WASHINGTON – Tax reform legislation should preserve the tax exemption for municipal bonds and reinstate Build America Bonds for infrastructure financing, Rep. Richard Neal, the top Democrat on the House Ways and Means Committee, told reporters Thursday.
But tax reform may have to wait until Republicans complete their repeal and replacement of the Affordable Care Act as they have proposed, the Massachusetts Democrat said.
Speaking at a news conference at the National Press Club here, Neal said he is "skeptical" that Congress can simultaneously tackle two projects of the magnitude of tax reform and the ACA.
Republican leaders in Congress as well as President-elect Donald Trump and Vice President-elect Mike Pence have made repealing and replacing Obamacare the top priority at the start of the new administration.
Neal said he met with House Ways and Means Committee Chairman Rep. Kevin Brady, R-Texas, last week, who told him that the GOP blueprint for tax reform released last June would be rolled out as formal legislation this year. Neal said he could not provide a more specific timeframe, but added that Brady made it clear he wants to get through tax reform "vigorously."
He said he hopes the blueprint, which does not mention munis directly but proposes to generally repeal deductions, maintains the tax-exempt standing.
The former Springfield, Mass. mayor and longtime advocate of munis cited his municipal experience, calling himself a "pro-growth believer."
"My DNA is in the mayor's office and I know how we used tax-exempt bond financing," said Neal, who was named ranking minority member of the House Ways and Means Committee in December. "It worked quite well."
Although roads, bridges and other public use projects "beg" for a large infrastructure program, Neal said, infrastructure spending is not as easy to pass as it once was. That could mean reintroducing BABs, which were a "stunning success" when they were created and used in 2009 and 2010.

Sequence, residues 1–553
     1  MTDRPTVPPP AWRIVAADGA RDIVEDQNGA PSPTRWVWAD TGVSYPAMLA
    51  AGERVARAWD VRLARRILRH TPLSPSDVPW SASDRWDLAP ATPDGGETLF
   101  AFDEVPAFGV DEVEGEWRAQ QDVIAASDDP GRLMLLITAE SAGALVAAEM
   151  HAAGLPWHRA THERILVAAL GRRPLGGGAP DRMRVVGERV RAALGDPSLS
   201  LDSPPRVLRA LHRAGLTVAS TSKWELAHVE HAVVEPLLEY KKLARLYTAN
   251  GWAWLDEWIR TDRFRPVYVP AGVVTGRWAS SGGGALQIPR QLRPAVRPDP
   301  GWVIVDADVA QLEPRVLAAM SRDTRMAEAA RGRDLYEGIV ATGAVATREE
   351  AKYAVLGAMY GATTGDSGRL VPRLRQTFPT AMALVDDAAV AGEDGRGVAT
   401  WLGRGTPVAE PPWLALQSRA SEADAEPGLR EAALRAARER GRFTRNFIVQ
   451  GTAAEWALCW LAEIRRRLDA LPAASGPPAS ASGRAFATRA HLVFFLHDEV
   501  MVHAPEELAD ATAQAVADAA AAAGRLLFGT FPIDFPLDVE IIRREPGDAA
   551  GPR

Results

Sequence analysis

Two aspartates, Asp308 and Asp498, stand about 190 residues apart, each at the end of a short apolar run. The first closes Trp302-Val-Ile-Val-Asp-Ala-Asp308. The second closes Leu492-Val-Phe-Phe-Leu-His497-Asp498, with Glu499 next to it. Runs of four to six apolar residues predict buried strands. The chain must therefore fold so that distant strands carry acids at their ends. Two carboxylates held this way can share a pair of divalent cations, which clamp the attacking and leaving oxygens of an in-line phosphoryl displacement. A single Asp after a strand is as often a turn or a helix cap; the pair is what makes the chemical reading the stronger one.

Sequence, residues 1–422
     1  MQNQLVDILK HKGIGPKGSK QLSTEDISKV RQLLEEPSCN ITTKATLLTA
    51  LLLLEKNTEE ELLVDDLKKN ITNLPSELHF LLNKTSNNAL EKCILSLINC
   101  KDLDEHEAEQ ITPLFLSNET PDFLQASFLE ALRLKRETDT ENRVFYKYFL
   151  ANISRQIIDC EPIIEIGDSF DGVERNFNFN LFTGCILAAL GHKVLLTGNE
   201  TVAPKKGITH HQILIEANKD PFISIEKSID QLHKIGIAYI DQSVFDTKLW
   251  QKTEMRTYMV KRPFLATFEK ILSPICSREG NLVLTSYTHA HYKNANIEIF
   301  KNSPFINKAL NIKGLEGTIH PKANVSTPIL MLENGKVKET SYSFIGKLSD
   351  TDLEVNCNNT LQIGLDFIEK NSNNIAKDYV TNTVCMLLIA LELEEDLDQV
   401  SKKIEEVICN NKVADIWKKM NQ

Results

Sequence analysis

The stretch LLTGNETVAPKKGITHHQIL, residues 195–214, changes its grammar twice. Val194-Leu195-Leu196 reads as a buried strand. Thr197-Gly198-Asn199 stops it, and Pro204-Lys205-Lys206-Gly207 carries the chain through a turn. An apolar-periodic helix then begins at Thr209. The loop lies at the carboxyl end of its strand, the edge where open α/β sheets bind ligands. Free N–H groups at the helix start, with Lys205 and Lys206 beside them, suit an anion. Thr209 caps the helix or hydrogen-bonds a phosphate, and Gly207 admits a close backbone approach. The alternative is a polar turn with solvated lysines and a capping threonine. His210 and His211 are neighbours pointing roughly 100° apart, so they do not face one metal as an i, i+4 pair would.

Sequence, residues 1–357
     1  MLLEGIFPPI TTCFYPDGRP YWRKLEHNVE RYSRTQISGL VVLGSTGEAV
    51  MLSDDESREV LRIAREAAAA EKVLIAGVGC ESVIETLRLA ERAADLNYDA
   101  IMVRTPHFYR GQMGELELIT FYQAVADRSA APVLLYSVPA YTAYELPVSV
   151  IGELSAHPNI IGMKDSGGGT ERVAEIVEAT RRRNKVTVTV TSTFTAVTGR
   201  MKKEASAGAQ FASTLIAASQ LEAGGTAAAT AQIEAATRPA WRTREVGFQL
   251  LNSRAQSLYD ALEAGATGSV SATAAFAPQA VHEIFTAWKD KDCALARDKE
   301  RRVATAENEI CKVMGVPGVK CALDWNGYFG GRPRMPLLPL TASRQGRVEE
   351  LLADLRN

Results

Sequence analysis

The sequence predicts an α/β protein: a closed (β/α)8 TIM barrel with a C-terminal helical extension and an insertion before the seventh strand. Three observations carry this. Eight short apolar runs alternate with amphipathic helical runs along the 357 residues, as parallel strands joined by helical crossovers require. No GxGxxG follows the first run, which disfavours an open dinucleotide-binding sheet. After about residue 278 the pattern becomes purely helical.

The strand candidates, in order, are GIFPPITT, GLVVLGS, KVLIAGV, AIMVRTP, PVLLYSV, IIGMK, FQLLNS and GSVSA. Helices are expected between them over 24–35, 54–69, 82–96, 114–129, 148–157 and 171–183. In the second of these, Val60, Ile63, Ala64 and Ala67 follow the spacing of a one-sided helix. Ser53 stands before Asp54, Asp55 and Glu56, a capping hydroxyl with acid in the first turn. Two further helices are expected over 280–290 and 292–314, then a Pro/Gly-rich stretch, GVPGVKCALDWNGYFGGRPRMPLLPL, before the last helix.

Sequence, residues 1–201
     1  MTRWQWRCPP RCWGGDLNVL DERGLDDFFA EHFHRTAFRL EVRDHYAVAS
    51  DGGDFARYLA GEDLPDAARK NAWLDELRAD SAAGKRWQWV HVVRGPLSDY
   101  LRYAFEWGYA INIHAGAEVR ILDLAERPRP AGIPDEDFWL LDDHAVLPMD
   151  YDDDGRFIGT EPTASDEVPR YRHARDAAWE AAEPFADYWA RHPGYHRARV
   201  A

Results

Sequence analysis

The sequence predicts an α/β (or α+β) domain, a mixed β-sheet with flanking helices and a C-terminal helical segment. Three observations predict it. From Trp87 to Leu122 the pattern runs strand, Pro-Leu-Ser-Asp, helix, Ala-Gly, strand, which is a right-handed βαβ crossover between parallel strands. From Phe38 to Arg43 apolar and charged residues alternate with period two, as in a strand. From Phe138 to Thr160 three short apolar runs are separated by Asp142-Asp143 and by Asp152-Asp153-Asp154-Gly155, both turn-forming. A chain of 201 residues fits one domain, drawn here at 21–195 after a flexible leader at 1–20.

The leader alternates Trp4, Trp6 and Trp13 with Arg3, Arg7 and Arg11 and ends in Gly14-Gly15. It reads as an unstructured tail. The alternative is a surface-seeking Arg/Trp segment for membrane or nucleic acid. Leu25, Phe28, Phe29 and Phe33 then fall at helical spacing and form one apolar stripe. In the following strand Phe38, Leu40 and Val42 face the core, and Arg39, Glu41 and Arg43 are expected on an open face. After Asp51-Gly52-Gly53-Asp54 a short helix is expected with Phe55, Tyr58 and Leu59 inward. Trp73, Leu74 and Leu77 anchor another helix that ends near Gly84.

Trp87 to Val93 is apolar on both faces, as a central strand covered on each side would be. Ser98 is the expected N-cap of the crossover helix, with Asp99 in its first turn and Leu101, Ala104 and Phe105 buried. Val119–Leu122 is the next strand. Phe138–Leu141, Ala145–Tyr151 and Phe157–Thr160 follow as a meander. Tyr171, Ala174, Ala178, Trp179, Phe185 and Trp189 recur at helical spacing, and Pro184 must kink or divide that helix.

Neal introduced the Build America Bonds Act of 2015 two years ago, which would have permanently reinstated and expanded the BAB program.
About $181 billion of BABs were issued before the bonds expired at the end of 2010.
"I think investing in those sorts of initiatives can return us to a connection with … the middle class," he said.
Neal also opposes the Republicans' plan to concentrate tax cuts at the top, a move that could raise taxes on the middle class. Although tax policy is complicated and consequential, he said, he suggested bipartisan efforts should be made, similar to those of former Michigan Republican Rep. Dave Camp several years ago when he included Democratic suggestions in his tax reform proposal.
"There could be an appetite here for some common ground on tax reform," Neal said, adding that the current system is underproductive and inefficient. "It's stuck in the eighties. It's a rotary phone in a smartphone world."
However, he is critical of what he believes are GOP tax cuts that could increase the federal budget deficit.
"All of this is being done without deficits in mind," Neal said. "I want our Republican friends to hold their party and president-elect to the same standard they held Barack Obama. Do deficits only count when there is a Democrat in office?"
Meanwhile, Brady and Neal have announced the tax policy subcommittee members for the 115th Congress. The Republicans include: Reps. Peter Roskam from Illinois; Dave Reichert from Washington State; Pat Tiber from Ohio; Tom Reed from New York; Mike Kelly from Pennsylvania; Jim Renacci from Ohio; Kristi Noem from South Dakota; George Holding from North Carolina; and Kenny Marchant from Texas.
Democrats on the subcommittee include ranking member Lloyd Doggett from Texas, as well as: Reps. John Larson from Connecticut; Linda Sanchez from California; Mike Thompson from California; Suzan DelBene from Washington State; and Earl Blumenauer from Oregon.